Andrew Cuomo, Accused of Nursing Homes COVID Cover-Up, Extolled His Transparency in Book

New York Governor Andrew Cuomo was once praised for his response to the COVID-19 pandemic. In November, the Democrat won an Emmy award for his "masterful" use of TV to inform New Yorkers about the spread of the coronavirus. He even wrote a book on leadership lessons from the pandemic.

Now, the governor faces allegations that he and his team tried to hide the true extent of nursing home COVID deaths in New York to protect his reputation—despite the governor extolling the value of transparency in his own book.

In the book, American Crisis: Leadership Lessons from the COVID-19 Pandemic, Cuomo wrote that he wanted all of his briefings to provide the public with "unbiased factual evidence" that explained the coronavirus, and its spread through the state.

"The main challenge for me was to communicate this data to the public in a way that would establish my credibility for providing timely information with transparency while also instilling confidence," he wrote at the time.

The New York governor also drafted a "blueprint for going forward" in the book, which was published in October last year as cases mounted and former President Donald Trump occupied the White House. In the fourth recommendation of his blueprint, Cuomo said the government response to COVID-19 had to be informed and guided by data.

New York Gov. Andrew Cuomo
New York Gov. Andrew Cuomo speaks at a news conference on September 08, 2020 in New York City. Spencer Platt/Getty Images

"Data must be reliable and transparent to the public," he wrote. "As a starting point, it has to be free from political influence so that the people can have faith in the information they are receiving."

However, newly-released information over the past few weeks has cast doubt on the New York governor's commitment to reliable data and transparency throughout the pandemic.

In a report released at the end of last month, New York Attorney General Letitia James found that the state's Department of Health had undercounted nursing home COVID deaths by as much as half in its publicly reported data. The Cuomo administration was later forced to confirm that thousands more nursing home residents died from the coronavirus than originally disclosed.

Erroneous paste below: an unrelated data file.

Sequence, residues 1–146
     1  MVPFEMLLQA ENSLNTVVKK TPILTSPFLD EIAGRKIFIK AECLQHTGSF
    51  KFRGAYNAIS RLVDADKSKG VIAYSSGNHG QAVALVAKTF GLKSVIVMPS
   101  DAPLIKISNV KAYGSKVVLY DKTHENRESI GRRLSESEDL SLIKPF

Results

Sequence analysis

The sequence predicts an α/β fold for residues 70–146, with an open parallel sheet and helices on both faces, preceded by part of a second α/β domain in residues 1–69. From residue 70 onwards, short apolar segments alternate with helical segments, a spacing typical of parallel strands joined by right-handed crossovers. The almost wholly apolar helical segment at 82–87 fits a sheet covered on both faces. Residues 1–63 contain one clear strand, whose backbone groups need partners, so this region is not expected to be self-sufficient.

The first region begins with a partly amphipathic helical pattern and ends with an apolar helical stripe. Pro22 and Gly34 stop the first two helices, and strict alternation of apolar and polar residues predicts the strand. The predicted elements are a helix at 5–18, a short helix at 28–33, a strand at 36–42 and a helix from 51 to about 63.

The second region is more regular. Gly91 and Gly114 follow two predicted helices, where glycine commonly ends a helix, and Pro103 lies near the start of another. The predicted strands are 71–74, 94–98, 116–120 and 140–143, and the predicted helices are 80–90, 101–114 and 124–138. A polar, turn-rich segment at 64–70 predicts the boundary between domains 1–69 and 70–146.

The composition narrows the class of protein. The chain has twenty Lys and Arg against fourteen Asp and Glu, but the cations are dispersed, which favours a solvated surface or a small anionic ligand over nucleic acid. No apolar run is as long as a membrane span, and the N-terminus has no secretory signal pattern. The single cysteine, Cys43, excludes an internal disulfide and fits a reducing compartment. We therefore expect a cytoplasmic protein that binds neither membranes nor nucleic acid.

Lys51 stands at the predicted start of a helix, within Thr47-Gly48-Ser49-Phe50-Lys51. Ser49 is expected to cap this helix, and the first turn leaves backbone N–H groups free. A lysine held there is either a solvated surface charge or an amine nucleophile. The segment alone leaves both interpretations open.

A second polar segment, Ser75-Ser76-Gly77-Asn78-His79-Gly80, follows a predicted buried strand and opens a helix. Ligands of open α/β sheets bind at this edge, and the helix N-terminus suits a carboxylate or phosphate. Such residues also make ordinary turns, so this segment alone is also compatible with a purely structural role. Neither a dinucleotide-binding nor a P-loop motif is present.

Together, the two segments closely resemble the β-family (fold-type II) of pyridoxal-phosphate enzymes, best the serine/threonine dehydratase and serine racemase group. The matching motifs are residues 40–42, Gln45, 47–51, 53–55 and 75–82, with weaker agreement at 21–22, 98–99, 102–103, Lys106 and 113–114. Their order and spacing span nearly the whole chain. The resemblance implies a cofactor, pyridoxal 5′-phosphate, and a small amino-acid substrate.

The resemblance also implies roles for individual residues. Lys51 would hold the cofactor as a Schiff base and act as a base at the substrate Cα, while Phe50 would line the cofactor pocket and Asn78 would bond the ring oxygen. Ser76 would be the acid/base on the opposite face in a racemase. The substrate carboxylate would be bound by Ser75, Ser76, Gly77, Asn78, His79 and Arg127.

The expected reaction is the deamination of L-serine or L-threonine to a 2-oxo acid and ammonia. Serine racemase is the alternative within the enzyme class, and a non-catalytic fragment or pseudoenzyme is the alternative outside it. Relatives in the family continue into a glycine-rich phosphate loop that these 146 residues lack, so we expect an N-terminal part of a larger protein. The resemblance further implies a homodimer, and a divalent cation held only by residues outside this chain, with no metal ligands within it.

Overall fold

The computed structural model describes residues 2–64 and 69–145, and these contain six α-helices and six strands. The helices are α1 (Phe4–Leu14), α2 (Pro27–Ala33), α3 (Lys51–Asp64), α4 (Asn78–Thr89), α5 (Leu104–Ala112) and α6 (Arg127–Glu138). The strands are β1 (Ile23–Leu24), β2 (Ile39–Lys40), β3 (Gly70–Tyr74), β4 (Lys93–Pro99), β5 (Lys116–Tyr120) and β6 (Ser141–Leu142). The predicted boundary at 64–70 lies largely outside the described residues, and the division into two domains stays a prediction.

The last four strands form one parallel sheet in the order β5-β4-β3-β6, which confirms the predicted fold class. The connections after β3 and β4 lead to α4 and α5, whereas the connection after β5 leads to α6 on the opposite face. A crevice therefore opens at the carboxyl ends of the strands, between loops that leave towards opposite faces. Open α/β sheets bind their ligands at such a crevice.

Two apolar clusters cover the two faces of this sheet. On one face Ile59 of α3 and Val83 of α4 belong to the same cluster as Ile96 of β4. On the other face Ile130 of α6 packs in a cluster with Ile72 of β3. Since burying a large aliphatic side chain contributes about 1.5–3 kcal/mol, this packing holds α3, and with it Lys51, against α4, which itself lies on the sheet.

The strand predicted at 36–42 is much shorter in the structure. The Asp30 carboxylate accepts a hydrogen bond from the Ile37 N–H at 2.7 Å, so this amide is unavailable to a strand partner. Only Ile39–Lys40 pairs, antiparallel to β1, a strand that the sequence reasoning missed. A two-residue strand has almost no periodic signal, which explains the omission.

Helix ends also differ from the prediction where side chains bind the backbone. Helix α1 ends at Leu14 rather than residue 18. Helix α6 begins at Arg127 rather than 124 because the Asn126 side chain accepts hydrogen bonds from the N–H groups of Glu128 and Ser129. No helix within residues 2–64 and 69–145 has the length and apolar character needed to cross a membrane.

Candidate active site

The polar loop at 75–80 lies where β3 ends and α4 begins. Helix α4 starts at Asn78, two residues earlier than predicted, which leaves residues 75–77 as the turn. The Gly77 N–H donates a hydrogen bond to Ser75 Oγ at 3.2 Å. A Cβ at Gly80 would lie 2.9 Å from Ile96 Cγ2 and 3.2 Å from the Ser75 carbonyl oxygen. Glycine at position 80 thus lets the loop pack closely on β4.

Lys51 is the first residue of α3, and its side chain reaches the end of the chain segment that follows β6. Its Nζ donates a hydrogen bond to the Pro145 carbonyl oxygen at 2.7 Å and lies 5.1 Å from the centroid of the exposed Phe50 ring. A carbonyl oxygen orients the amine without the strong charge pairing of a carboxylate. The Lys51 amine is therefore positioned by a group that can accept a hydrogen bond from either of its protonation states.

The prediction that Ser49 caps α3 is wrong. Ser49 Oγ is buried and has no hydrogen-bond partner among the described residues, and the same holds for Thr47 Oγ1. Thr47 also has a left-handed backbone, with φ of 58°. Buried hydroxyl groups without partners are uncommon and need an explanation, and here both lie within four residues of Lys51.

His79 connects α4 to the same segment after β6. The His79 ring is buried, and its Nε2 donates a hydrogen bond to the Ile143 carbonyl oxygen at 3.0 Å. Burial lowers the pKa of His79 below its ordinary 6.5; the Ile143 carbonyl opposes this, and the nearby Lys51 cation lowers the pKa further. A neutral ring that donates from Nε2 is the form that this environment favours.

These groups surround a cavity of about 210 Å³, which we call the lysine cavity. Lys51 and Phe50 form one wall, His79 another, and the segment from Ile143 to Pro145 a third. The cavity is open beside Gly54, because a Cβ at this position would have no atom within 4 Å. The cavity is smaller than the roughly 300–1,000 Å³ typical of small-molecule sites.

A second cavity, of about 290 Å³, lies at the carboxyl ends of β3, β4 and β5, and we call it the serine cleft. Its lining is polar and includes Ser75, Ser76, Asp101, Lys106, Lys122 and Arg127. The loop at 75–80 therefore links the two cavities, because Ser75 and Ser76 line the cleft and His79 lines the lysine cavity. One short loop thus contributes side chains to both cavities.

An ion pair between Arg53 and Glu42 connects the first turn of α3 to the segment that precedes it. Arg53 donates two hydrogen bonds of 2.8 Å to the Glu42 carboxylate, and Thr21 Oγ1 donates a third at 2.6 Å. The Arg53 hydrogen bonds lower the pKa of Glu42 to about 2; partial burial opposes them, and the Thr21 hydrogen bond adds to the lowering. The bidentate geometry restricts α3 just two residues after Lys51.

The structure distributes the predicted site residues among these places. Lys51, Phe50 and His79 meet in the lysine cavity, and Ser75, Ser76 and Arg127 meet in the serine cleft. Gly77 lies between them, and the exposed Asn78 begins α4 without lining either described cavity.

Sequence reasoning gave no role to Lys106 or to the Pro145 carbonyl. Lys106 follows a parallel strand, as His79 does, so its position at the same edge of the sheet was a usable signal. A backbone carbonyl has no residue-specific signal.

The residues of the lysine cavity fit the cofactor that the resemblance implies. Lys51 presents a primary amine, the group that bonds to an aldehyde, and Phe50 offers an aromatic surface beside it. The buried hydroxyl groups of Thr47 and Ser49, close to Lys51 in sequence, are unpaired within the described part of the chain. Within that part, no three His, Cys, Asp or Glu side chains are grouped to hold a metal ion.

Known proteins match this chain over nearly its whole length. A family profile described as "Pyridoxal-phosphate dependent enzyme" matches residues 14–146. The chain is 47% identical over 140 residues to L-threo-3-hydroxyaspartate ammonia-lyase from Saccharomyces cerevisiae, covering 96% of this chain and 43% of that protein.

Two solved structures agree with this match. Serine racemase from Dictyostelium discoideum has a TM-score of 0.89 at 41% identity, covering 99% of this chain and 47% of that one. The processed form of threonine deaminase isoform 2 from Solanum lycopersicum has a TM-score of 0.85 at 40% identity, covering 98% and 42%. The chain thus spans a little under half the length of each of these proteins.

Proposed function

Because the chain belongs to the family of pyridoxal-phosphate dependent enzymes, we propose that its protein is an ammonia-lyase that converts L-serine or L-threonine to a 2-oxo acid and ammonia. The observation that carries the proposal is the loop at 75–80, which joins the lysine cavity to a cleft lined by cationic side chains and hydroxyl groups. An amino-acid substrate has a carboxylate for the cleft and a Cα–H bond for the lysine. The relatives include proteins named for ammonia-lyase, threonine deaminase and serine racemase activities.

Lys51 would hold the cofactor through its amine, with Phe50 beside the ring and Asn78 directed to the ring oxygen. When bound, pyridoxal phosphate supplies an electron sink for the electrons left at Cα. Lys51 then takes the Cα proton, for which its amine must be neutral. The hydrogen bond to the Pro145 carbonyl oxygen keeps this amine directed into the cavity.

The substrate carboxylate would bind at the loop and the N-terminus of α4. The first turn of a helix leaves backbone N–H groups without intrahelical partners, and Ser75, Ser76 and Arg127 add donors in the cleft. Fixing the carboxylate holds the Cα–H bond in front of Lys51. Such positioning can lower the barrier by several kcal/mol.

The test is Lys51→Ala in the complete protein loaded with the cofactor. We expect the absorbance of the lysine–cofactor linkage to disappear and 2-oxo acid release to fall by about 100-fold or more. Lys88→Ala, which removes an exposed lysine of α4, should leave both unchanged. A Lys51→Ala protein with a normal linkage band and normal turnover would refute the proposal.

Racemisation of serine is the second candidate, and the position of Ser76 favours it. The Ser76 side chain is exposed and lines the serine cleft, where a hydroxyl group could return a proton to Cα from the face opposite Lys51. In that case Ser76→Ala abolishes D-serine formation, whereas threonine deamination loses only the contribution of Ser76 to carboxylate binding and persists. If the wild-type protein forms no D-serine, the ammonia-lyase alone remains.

The Associated Press also revealed last week that more than 9,000 recovering COVID-19 patients were allowed into nursing homes in the early months of the pandemic under an order from the Cuomo administration, according to previously unseen records obtained through freedom of information request.

During a private conference call between the New York Governor's aide Melissa DeRosa and Democratic lawmakers, Cuomo's top official further admitted that the state administration "basically froze" when former President Trump's Department of Justice asked for data on coronavirus-related nursing home deaths.

She also accused the ex-commander-in-chief of turning the issue into a "political football," and said the Cuomo administration wasn't sure if data provided to federal officials would be "used against us" as she tried to explain a delay in providing the information to lawmakers.

As the reports led Democratic state senators to back calls for Cuomo's expanded emergency powers to be revoked, the New York governor held a press conference to address the allegations that his team had attempted to cover up the extent of the COVID crisis in nursing homes.

Speaking at the press conference on Monday, Cuomo said his team had not tried to cover up nursing home death numbers, but were instead guilty of creating a "void" that was filled with "skepticism, cynicism, and conspiracy theories" that created confusion.

"To be clear, all the deaths in the nursing homes, and in the hospitals, were always fully, publicly, and accurately reported," Cuomo claimed. "The numbers were the numbers, always." Newsweek has contacted Governor Cuomo's office for further comment.